After procrastinating for an awfully long time, today I've finally packaged up and released the instructions for getting Need for Speed 3 and 4 to run, kindly provided by Mark Bell. If you're having trouble with these games, go have a look.
And then, I'd like to announce that significant performance tweaks are coming up.
First, the Project64 and Glide64 crowd is going to have to wait a little while longer for the much desired TEXTUREBUFFER extension and (after all these years ...) multi-texturing support.
The LFB emulation is going to get its major overhaul first, and this time it's an all-out performance kind of overhaul that will hopefully please people who play games like Jane's F15. These are currently bottlenecked by readback performance more than anything else, especially in high res mode. I now have a few new tricks up my sleeve to greatly speed up high res readbacks (*cough*), but essentially everything LFB related is faster now.
Now, some percentage may still be lost or gained because there are some remaining issues with the robustness of the new solution. Anyhow, this should end up delivering enough of a performance improvement to finally make high res mode a viable option for every game that runs at all.
MDK's performance index OTOH doesn't care about readbacks at all, it only writes to the LFB. And it's up, too, from 430 to 480 if I play it fair.
But beyond playing fair, I've implemented another optimization for MDK ... don't get this wrong, it's an entirely valid, legal and robust optimization, but MDK really is the only game that benefits at all. 1100. Same system. No kidding. This will be in.
I originally didn't plan to do this but ... well, either noone noticed or noone cares (except for Christiano; thank you!) ...
I have a donation page up. If you like my Glide wrapper and want to encourage development, I'd appreciate if you'd at least take a glance. Thanks bunches.
I hope you'll have a fun and peaceful christmas. Take care.
Okay, so there was no beta. Hmmmm ...
The fundamental problem was that I just couldn't produce a version that would work correctly all the time. Special games required special tweaks to the code. And then it occured to me that I just need to make it configurable :-)
That got me somewhat back on track, at the expense of one more option in the configurator. Behold:
See the "thread policy" thing? This will basically let you choose between old behaviour, much like 0.80e plus a few bug fixes, so that games that worked with that version aren't broken, and a variety of "new" behaviours, that do multithreading to various degrees. I would have very much liked to get a "one size fits all"-solution, but as I couldn't, I figure it's good if the new stuff can be tuned, and turned off. And that shot shows another new nicety: profiles can now be renamed at will. No more figuring out exe names. Go me.
Speaking of the configurator, I know it's clunky, I know it badly needs tooltips and a little glitz. I plan to fix that someday with a Java based version. I must admit that ATI's CCC inspired this move, in a knee-jerk sort of way. But the "classic" configurator will be kept up-to-date. The only difference between the two will be visual appearance. The Java runtime environment is a 15 megs download after all, and I'd be nuts to require a package that large just for my 200k-ish software ...
Yep, I'm still alive, and still chugging away. During the past weeks I've hit some issues of the rather unexpected sort, and learned about a couple more frustrating aspects of Win32. Won't get into that right now, but I should make an excuse for the long delay. I'm not satisfied with what I'm seeing here. I might do an officially unofficial "beta" release during the weekend, but it won't be the recommended version, and it will have significant issues. Just so you know what's going on currently, these are things the current build does better than 0.80e:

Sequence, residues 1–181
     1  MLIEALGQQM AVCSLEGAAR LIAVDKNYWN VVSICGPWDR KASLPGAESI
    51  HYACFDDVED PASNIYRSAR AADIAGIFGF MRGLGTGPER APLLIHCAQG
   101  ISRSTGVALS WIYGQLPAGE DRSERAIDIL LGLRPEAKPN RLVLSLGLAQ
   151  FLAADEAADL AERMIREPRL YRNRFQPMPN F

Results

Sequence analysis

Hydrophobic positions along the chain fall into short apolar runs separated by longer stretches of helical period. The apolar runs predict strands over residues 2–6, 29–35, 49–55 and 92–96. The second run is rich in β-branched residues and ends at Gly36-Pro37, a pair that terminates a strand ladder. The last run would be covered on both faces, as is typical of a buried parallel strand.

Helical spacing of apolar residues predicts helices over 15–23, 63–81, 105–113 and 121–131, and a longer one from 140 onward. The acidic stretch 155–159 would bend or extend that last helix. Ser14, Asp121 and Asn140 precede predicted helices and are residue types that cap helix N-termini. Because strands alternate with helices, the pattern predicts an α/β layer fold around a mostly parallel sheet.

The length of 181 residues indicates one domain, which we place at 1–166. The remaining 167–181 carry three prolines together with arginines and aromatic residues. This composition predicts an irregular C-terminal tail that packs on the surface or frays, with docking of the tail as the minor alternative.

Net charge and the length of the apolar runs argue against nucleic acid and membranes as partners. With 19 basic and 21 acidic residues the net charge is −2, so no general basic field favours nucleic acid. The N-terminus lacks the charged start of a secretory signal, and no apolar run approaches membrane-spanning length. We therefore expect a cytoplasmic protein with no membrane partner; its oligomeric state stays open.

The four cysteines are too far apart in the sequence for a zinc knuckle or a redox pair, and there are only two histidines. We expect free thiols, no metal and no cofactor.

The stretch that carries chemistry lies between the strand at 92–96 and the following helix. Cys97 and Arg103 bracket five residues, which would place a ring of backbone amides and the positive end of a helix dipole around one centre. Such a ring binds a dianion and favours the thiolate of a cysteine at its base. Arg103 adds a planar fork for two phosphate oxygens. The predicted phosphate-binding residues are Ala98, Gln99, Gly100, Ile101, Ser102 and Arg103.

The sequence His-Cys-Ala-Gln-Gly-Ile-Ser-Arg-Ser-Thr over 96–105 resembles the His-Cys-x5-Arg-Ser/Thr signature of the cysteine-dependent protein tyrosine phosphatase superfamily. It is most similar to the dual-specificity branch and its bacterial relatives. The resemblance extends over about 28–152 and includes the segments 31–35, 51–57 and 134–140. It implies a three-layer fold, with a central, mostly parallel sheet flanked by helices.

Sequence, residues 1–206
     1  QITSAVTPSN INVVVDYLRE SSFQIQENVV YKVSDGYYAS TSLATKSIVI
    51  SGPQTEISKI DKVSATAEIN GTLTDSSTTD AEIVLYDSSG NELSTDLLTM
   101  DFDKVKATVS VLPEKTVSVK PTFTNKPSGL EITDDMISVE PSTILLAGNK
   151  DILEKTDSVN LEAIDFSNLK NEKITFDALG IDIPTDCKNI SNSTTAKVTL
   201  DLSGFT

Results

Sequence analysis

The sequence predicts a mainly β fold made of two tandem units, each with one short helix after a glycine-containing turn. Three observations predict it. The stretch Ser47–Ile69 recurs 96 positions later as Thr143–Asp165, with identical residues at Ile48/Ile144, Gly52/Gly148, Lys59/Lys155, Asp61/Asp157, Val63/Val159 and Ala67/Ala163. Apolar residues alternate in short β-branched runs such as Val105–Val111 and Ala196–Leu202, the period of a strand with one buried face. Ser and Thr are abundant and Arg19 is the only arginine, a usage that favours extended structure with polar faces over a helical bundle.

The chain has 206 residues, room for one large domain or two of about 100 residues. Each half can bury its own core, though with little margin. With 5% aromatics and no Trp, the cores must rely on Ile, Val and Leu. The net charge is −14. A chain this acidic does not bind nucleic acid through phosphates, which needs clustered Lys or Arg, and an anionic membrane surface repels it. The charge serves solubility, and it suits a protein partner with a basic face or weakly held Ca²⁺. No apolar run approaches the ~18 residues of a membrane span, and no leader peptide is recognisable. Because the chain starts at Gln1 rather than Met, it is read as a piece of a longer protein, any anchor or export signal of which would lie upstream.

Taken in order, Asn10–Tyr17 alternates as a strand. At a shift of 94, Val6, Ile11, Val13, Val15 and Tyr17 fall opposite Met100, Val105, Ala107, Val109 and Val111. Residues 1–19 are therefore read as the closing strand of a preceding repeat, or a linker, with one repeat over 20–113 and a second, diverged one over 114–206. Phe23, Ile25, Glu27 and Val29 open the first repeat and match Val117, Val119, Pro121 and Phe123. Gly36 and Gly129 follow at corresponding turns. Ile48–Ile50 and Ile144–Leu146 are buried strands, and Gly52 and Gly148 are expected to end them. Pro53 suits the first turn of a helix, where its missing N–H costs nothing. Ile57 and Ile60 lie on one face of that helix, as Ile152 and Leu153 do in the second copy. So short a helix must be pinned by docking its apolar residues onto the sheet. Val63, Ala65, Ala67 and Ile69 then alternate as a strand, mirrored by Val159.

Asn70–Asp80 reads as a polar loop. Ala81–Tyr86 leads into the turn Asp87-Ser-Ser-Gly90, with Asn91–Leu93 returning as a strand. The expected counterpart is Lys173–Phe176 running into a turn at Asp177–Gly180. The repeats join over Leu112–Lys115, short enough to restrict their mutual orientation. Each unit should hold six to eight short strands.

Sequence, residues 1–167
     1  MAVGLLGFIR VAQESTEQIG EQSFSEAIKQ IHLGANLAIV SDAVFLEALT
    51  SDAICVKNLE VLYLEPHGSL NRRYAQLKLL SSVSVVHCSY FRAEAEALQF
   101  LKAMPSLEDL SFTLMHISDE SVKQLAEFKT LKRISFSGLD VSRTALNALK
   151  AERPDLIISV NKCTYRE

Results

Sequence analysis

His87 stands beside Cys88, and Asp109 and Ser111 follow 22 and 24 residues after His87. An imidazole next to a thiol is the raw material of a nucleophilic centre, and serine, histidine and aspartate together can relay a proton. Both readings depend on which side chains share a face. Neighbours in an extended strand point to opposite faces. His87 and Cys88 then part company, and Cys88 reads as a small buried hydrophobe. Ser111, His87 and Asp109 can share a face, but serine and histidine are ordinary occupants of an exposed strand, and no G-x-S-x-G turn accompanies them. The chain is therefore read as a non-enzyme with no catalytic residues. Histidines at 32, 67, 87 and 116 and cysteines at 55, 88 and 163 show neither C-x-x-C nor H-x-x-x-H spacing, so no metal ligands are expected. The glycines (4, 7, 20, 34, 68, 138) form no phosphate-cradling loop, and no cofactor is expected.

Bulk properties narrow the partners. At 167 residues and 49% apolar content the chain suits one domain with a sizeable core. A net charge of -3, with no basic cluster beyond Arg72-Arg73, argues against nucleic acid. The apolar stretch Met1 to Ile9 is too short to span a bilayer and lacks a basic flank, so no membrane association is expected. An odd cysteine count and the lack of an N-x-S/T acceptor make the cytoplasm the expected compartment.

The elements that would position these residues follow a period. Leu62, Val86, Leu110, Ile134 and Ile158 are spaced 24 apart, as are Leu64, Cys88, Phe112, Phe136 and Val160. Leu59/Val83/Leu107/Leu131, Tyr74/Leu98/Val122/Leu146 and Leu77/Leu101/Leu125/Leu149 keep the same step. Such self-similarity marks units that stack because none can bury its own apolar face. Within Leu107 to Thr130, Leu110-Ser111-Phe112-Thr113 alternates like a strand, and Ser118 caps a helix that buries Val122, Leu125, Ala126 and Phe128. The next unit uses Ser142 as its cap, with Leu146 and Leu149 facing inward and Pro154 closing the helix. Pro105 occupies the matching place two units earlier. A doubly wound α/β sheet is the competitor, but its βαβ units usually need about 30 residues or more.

As I was occupied with this basic Windows interaction cruft exclusively for the past weeks, I unfortunately didn't get around to implement any rendering improvements from my "roadmap". Even the most miniscule change to Windows integration can render meaningless all testing done before the change. This is not my idea of making progress, and I hope I'll get over that hill quickly.
As it turns out, Windows' sync primitives not only trigger thread switches all the time, even if you don't want them to, but they are the only reliable way to switch threads at all. During the research phase calling Sleep(0) did the job perfectly. Put the current thread to sleep, so that the thread scheduler starts some other thread, and hopefully it will be the one we're actually waiting for. Worked fine for the vast majority of games I tested, but somehow produced severe stuttering and extremely low performance in a handful of other games. And then I found out why.
Sleep is specified to work in a truly interesting way:
"A value of zero causes the thread to relinquish the remainder of its time slice to any other thread of equal priority that is ready to run. If there are no other threads of equal priority ready to run, the function returns immediately, and the thread continues execution."
Why, oh why? Who designed this?
So Sleep stops working, if the game played around with thread priorities. Great! Any other options? Ah, there's
SwitchToThread, which sounds very promising.
The huge problem with this function is that it isn't available on the Win9x branch. The small problem is that:
"The SwitchToThread function causes the calling thread to yield execution to another thread that is ready to run on the current processor. The operating system selects the thread to yield to."
Who designed this?
So, had that brilliant person who originally designed the Sleep functionality not tried so hard to be clever, the result could have been actually sensible, and I could stand by my word and not use Windows' sync primitives. Guess what, the plan had to change.
On a more positive note, Need for Speed 2SE runs. Perfectly. Yay.